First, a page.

Souya Handa is an artist and independent curator based in Tokyo, was born in Hamamatsu, Shizuoka, and grew up in Hatsukaichi and Hiroshima.
Handa criticizes Japan's society lacking beliefs or morals, and mainly focuses on the relationship between technology and society based on his background of engineering.
Handa declares "Post-High-Tech Country" concept which reflect the declining economic situation of Japan after its economic miracle supported by high-tech industry after WW2. Handa analyzes Japanese people only aim for technological development without considering about ideal form of society.
On the other hand, Handa focuses on the white supremacy in Japanese people's mind even they are Asian. Handa see this phenomenon critically and create his artworks from the perspectives of both sides of inferior complex of Japanese people and cultural influences coming from the West's Imperialism.
The Future 34 Years Ago (US), 2018
Inkjet print on paper, Edited HTML, 42 x 59.4 cm
The Future 34 Years Ago (JP), 2018
Inkjet print on paper, Edited HTML, 42 x 59.4 cm
The Future 34 Years Ago represents the politics of post-truth era.
These screenshots of fake tweets were created by the artist who edited source codes of HTML.
The syntax of tweets is reference to Newspeak in 1984 by George Orwell.
Abe's fake tweet written in simplified and weird Japanese means same of Trump's one and reflects how Japan's politics influenced by the USA's one.

Internet after TV (2018)
CRT, iPhone 5, India ink on Paper, Tripod
Internet after TV is a installation work mainly consists of Japanese calligraphy, a CRT TV and an iPhone.
This work represents the history of media (especially in Japan) that transit from paper as physical and analog one, TV as electric and analog one to iPhone as electric and digital one.
"イ" representing sound of "i" is not only the first character of pre-modern Japanese syllabary but also the first displayed thing in the CRT monitor when it was invented by Kenjiro Takayanagi.
Can people use internet more proficiently than TV?

Specimen of Smartphone (Sony Ericsson SOL11), 2019
Acrylic case, Smartphone, Epoxy, 15 x 12 x 9 cm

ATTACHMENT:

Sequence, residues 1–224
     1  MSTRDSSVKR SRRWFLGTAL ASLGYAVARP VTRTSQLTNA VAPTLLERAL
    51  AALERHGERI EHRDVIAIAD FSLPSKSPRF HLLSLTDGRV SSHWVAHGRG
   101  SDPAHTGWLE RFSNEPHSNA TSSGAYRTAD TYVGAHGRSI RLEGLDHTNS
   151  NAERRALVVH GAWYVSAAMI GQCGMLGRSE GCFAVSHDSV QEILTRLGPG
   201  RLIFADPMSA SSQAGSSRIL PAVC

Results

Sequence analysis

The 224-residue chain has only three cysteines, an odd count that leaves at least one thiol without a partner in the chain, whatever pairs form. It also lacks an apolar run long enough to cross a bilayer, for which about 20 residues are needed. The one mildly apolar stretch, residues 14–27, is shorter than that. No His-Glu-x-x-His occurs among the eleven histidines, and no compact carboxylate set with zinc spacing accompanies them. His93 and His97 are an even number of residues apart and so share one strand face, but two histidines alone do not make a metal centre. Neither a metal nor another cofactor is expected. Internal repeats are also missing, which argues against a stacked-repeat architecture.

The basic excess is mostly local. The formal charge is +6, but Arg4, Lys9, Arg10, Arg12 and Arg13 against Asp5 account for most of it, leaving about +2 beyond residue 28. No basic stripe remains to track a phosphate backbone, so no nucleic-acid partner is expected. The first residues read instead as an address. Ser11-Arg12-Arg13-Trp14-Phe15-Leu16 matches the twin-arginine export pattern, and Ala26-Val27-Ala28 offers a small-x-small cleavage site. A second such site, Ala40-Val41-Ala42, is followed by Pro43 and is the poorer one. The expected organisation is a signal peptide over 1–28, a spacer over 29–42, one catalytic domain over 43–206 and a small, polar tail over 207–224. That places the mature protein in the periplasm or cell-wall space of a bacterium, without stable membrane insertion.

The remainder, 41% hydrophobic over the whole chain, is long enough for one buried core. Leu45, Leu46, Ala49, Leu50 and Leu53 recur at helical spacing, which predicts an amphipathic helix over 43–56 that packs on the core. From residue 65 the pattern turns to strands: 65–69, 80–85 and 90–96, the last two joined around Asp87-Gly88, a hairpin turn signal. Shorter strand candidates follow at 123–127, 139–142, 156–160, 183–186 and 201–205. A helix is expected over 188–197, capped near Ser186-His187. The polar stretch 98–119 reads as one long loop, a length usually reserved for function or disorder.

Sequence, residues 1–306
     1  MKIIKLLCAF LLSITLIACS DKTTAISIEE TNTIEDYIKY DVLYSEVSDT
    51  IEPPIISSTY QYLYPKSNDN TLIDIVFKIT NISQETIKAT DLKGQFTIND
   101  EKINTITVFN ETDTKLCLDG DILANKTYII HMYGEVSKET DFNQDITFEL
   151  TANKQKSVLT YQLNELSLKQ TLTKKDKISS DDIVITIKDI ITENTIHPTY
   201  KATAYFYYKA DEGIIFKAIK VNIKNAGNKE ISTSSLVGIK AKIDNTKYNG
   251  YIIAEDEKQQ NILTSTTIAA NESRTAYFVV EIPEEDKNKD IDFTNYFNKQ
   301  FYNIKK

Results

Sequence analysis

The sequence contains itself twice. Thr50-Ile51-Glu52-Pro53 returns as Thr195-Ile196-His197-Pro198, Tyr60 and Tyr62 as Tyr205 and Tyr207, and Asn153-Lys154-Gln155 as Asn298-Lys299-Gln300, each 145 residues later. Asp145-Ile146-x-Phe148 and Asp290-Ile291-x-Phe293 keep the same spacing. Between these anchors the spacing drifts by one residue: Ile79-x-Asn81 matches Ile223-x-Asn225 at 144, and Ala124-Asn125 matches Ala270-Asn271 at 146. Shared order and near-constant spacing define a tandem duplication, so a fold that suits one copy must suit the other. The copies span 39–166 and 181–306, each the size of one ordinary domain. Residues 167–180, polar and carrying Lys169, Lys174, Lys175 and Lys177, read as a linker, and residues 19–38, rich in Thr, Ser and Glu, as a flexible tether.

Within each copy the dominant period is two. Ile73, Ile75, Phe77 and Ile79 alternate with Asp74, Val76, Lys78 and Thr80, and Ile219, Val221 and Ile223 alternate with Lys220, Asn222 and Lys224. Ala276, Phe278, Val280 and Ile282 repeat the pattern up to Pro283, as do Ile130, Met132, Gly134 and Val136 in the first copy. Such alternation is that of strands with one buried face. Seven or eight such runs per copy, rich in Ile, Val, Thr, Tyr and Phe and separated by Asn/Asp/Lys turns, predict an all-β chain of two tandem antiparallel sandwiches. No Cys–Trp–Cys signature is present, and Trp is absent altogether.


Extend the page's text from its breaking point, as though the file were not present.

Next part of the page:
Specimen of Smartphone (Sony Ericsson SOL12), 2019
Acrylic case, Smartphone, Epoxy, 16 x 15 x 8 cm
Specimen of Smartphone is a series of sculptures inspired by Damien Hirst's works. Glass or acrylic cases are filled with disassembled smartphones and epoxy.
This work cynically represents not only the end of a era of industry in Japan but also the way how people use Smartphone unintelligently, in other words, primitively, for example, post-truth problem, historical revisionism, etc.
From another perspective, smartphone is like artificial creature because it consists of sensors; camera as eye, microphone as ear, etc. 
Wood, Clocks, Chains, Urethane paint
132.4 x 132.4 x 10 cm
CLOCKS IN THE SHELL reflects suppression in Japan's society.
The clocks, which refer to Felix Gonzalez-Torres's work, represent people in Japan and are unavailable to move freely because they are connected each others with chain.
The box outside of the clocks is an imitation of urushi, which Japan's traditional style of lacquerware, and "souya_h@localhost:~$", which phrase refers to the shell interface in computing, is painted on a side of the box.
Where did they go? represents the concept of "Japan as a post-high-tech country".
Japan is forced to change its society and industry because the Japan's economic miracle as a high-tech country after WW2 is already ended and the decline of the economy is started.
A question of "High-Tech Country?" is stenciled with red color on the white board made of smartphones by Japanese brands like Sharp.
Could Internet Kill The VIDEO STAR? represents not only the end of the era of TV defeated by internet but also how internet used by people with primitive way.
The hammer of smartphones, which made by Chinese and korean brands, breaks the CRT monitor, which made by Japanese brand.

"Ceci n'est pas" series (2020)
Spray lacquer on mirror
21.2 x 26.2 cm (Each)
"Ceci n'est pas" series consists of artworks with red circles images and phrases starting with "Ceci n'est pas" on cloudy mirrors.
Red circles are symbol of the national flag of Japan, and "Ceci n'est pas", French phrase meaning "This is not" is cited from "La Trahison des images (The Treachery of Images)", painted by René Magritte.

"EAST ASIAN" (2020)
Spray lacquer on mirrors
67.6 x 82.6 cm
The number of Japanese who oppose Black Lives Matter movement in 2020 is not small even though they are not white but yellow in terms of their skin colors.
Furthermore, Japanese still holds discriminatory attitude toward Korean and Chinese people.
This work consists of mirrors reflecting faces of viewrs and conveys a concept questining "how different you are from other east asians" if the viewers are east asians.
At the same time, this work shows viewers a fact that each country has each culture and history if they are not east asians and mix up these countries.
There is still western centered view ignoring differences and diversity of asian cultures and simplifying images of aisan people just as dishonest yellow.

White Male Cosplay Set (2020)
Perfomance of White Male Cosplay Set
Photos by Kento Terada
Occidentalism (Cup Noodles), 2020
Paint on Cup Noodles
10 x 10 x 11 cm
"Polytheism" (2020) by Souya Handa
Size available, Mixed media
The series of Polytheism, Let It Be, Off-White and Escape from Yellow Land treats the problem of white supremacy in Japan.
Japanese people consider western culture as higher one and they want to be like white people. For example, Licca-chan, a series of fashion dolls in Japan, is a French-Japanese girl.
This series has two rules; use acrylic cube; and use banana which represents white washed asian, and is collaboration work with Layla Yamamoto.

Lost property series is a conceptual artwork and consists of photos which took when the artist finds lost property.
This work is mainly posted on Instagram.